To examine whether the strategy adopted permits sequence analysis of less abundant gene transcripts, as we would expect based on our previous work (21), we listed the UniGene cluster size of the nonredundant compilation of ORESTES that matched fully sequenced human genes. By way of comparison, similar data were generated from nonnormalized and normalized human breast cDNA libraries (Fig. (Fig.3).3). We used only contigs containing full-length cDNAs for the analysis to avoid the strong bias that otherwise would have occurred toward the relative lack of ORESTES matches against small UniGene clusters that contain almost exclusively 3′ reads. The mean cluster size containing ESTs derived from the nonnormalized breast library was 649, the mean cluster size containing ESTs derived from the normalized breast library was 351, and the mean size of clusters against which ORESTES exhibited significant sequence similarity was 318. The median values for the cluster sizes were 317, 138, and 125, respectively. A rigorous comparative analysis of the ORESTES and standard ESTs cannot be pursued because different tissue samples were used. Nevertheless, ORESTES appears to exhibit a performance similar to normalized libraries in terms of accessing genes with lower levels of expression. This is indicated further by the percentage of ORESTES (25.26%) and standard ESTs (10.23% and 18.06% for the nonnormalized and normalized breast libraries, respectively) that exhibited sequence similarity to UniGene clusters of 50 or less entries. The basis of this partial equalization of the frequency of sequences is that the chance of the amplification of a particular transcript is dependent on its sequence and not abundance. Because the percentage of very highly abundant transcripts is very small (23), most amplifications do not result in products derived from very highly expressed genes. This immediately increases the relative abundance of the products derived from the less abundant transcripts in the cell. (Note that in those amplification profiles in which a highly abundant transcript has been amplified this is immediately apparent upon electrophoretic analysis, and the profile is eliminated from further processing.) In addition to this selection, there is also a significant tendency to equalize the relative abundance of amplicons in individual product pools because of the Cot effect of PCR (24).

Figure 3
Comparison of abundance of ORESTES and ESTs. (A) Nonnormalized breast tumor cDNA library NCI CGAP Br1.1. (B) Normalized breast tumor cDNA library NCI CGAP Br2. (C) ORESTES. The bars show the percentage of nonredundant sequences with similarity to full-length ...

The evaluation of the ORESTES strategy provided a considerable amount of new sequence information. Thirty-eight percent of the nonredundant compilation of ORESTES did not exhibit significant similarity with expressed human sequences (Table (Table1).1). A small fraction of these exhibits significant similarity against full or partial cDNA sequences from other organisms (Tables (Tables11 and and2)2) or low levels of similarity against known human transcripts, indicating that they probably derive from orthologous or paralogous genes, respectively (Table (Table2).2). A total of 32% of the nonredundant compilation, however, showed no similarity to known expressed genes from any organism. We would expect these sequences to include those of marginal quality, undetected bacterial sequences, sequences derived from immature mRNA, or, possibly, sequences derived from undetected trace amounts of contaminating DNA. Nevertheless, 40% of those ORESTES that exhibited no database matches were predicted to contain ORFs by using estscan (25) or grail (26), and a number of these exhibited a significant match against a variety of domain profiles (Table (Table3).3). By way of comparison, 68% of ORESTES that exhibited similarity to known genes were identified as containing coding regions by estscan. Thus, we can predict that the majority of ORESTES with no matches contain high-quality data derived from expressed human genes.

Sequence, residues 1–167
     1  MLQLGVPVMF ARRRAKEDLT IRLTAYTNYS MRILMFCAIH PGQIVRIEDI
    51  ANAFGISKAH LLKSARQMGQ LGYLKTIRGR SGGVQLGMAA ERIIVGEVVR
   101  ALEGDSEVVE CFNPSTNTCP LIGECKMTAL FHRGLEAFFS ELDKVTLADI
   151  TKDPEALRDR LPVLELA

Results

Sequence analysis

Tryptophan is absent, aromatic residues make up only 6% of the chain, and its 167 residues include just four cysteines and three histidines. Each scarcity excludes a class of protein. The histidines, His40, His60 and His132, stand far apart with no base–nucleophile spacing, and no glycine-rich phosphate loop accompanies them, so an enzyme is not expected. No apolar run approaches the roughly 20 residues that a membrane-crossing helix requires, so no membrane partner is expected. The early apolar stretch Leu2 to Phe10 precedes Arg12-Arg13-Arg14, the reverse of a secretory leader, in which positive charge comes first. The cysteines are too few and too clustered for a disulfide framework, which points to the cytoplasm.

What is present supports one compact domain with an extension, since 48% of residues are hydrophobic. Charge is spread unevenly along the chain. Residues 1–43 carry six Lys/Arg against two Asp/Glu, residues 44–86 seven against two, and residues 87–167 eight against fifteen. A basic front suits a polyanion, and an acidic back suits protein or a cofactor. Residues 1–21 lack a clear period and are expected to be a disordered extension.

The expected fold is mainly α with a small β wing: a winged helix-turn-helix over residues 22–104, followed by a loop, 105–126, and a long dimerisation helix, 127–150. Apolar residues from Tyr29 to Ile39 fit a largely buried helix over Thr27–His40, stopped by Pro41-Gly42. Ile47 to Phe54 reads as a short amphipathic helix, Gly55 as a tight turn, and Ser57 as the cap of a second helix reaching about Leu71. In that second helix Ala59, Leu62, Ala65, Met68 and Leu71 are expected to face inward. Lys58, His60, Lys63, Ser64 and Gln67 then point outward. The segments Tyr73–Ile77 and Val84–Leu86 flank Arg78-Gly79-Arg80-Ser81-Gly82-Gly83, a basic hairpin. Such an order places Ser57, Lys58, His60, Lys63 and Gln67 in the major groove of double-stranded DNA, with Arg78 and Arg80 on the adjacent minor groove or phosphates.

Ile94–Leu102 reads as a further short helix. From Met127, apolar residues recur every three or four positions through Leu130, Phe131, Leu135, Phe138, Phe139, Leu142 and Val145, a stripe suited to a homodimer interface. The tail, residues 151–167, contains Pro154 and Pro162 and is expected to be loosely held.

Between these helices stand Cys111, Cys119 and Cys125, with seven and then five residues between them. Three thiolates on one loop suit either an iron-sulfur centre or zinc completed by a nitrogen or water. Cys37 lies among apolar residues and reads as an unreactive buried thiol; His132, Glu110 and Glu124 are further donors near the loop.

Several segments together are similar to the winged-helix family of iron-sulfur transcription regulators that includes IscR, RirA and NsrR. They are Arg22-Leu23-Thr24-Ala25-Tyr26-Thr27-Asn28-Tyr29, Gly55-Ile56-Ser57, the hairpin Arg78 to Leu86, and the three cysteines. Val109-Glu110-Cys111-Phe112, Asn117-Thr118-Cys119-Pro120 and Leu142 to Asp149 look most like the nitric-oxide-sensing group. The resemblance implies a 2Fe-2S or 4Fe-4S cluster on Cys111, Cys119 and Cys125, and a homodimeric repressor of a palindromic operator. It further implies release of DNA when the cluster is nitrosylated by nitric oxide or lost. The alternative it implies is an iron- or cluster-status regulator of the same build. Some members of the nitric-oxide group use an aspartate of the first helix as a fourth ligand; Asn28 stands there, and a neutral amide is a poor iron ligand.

Table 2
Putative paralogs–orthologs
Table 3
ORESTES with matches to protein domains

The potential of ORESTES to act as the basis of a shotgun approach to the sequencing of human transcripts was demonstrated by the 21% of sequences that partially or wholly matched preexisting human ESTs, from which we were able to construct 783 contigs, each one corresponding to a different UniGene cluster. Of the total number of bases contained in these contigs, 19% represented new sequence contributed by ORESTES. The contigs assembled to date mostly comprise extensions of the sequences contained in 3′ or 5′ ESTs but also a few instances in which the reads from the ends of cDNAs are joined by an ORESTES sequence or, indeed, different clusters are joined.

Knowledge of the complete sequence of the noncoding regions of the human genome will provide the basis of the definition of many facets of gene structure and expression. Nevertheless, it is the coding regions contained within the genome that represent the information of most crucial and immediate importance. These regions probably constitute only about 3% of the human genome. Although 5′ ESTs often fall within coding regions and have been pursued vigorously with this characteristic in mind, ORESTES offer the possibility of significantly extending the coverage of coding regions with ESTs. Using the different complementary EST approaches now available, it eventually may even be possible to contemplate the generation of a shotgun sequence of the human transcriptome. We currently are embarking on the production of approximately 500,000 human ORESTES that will be deposited in the public databases as they are generated. Given the simplicity of the methodology, the small amounts of starting material required, and the speed of data generation, the simultaneous adoption of this approach in diverse laboratories could lead rapidly to the determination of the majority of the human transcriptome.

Acknowledgments

We thank Rui C. Serafim, Ricardo P. Moura, Elisangela Monteiro, Anna Christina de Matos Salim, and Daniel F. Simão for dedicated and expert technical assistance and Juçara Parra for acting as the administrative coordinator of this project. E.D.N., R.G.C., W.S.J., and S.B. were supported by doctoral or postdoctoral fellowships from the Fundaçao de Amparo à Pesquisa do Estado de São Paulo. The work also was supported in part by the Programa de Apoio a Nucleos de Excelencia/Financiadora de Estudos e Projetos and the Fundaçao de Amparo à Pesquisa do Estado de São Paulo.

Abbreviations

EST
expressed sequence tag
ORESTES
ORF ESTs